• The provider must ensure systems are in place to assess the risk of and prevent, detect and control the spread of health care associated infections.
  • The provider must ensure people are protected against the risks associated with the unsafe use and management of medicines by having arrangements in place for the safekeeping of medicines at the correct temperature.
  • The provider must ensure they operate an effective recruitment system by obtaining the information required under Schedule 3 of the Health & Social Care Act 2008 (Regulated Activities) Regulations 2010 and ensuring staff are of good character.
  • The provider must ensure staff are appropriately supported in relation to their responsibilities by providing appropriate training, professional development, supervision and appraisal. Healthcare professionals must be enabled to provide evidence to their relevant professional body that they continue to meet the professional standards required as a condition of their registration.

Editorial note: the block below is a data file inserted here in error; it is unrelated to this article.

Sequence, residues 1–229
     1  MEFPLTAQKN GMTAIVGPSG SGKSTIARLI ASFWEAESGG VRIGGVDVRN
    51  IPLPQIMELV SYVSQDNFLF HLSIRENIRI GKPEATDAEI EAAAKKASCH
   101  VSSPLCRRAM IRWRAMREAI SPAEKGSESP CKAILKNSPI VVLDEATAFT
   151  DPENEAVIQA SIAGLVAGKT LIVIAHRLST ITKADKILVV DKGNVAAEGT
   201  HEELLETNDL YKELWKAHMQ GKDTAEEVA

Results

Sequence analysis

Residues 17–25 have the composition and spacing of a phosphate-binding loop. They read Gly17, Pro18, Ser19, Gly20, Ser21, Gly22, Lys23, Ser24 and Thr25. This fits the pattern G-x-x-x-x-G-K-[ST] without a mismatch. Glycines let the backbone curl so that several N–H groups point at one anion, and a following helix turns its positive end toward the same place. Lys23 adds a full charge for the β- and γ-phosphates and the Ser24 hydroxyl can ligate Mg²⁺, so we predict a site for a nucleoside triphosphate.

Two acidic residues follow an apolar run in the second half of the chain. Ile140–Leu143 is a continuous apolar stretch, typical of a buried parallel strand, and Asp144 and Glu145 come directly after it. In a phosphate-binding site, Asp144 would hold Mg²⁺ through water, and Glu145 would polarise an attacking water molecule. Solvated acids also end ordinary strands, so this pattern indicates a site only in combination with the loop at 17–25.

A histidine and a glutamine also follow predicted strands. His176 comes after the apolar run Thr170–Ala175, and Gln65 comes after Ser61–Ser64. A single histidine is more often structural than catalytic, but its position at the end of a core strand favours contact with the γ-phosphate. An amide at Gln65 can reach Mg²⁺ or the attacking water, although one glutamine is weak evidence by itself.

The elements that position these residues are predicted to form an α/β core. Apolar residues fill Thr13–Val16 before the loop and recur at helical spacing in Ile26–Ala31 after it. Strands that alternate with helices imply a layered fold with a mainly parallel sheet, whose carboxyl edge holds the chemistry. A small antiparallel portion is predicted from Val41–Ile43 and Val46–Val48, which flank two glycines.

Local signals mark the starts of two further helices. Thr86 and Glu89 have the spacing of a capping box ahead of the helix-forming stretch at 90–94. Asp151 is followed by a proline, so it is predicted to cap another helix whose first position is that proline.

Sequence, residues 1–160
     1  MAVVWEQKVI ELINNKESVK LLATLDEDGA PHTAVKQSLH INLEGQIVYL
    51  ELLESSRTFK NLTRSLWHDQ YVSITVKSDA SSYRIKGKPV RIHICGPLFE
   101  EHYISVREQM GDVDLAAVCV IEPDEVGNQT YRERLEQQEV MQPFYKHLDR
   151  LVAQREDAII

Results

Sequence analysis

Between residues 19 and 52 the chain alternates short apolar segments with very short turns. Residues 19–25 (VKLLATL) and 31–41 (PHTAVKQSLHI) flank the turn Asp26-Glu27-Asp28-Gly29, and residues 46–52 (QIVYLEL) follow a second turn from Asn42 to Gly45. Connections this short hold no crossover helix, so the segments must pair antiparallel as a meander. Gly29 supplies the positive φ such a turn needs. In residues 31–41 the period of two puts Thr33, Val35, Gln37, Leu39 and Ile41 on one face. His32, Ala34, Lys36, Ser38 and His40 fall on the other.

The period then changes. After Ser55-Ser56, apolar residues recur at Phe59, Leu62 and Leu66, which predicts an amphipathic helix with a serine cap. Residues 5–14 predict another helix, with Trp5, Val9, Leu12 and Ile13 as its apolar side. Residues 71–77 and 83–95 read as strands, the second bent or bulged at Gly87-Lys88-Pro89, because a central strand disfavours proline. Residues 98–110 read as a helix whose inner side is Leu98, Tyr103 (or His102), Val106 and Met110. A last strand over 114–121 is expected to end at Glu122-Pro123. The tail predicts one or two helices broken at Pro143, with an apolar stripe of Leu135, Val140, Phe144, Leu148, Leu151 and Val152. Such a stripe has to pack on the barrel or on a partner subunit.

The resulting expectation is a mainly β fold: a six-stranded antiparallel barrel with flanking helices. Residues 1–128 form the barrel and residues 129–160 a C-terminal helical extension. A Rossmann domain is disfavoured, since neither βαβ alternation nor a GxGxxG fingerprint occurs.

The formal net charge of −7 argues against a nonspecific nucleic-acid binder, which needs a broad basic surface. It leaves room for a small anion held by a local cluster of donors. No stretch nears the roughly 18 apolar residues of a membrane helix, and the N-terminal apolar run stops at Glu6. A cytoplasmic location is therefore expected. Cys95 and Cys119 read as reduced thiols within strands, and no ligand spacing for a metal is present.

In addition the provider should:

  • The provider should take action to ensure the working hours of all staff reflect the needs of patients.
  • The provider should ensure there are procedures in place for dealing with emergencies which are reasonably expected to arise from time to time.
  • The provider should improve the ways patients can communicate with the practice. For example, patients found it very difficult to get through to the practice on the telephone and it was not possible to book appointments on-line.
  • The provider should ensure all staff knew the procedure to follow if a patient made a complaint.
  • The provider should ensure a protocol is in place regarding what action to take if patients do not attend an appointment for a health check or review.

Professor Steve Field (CBE FRCP FFPH FRCGP) 

Chief Inspector of General Practice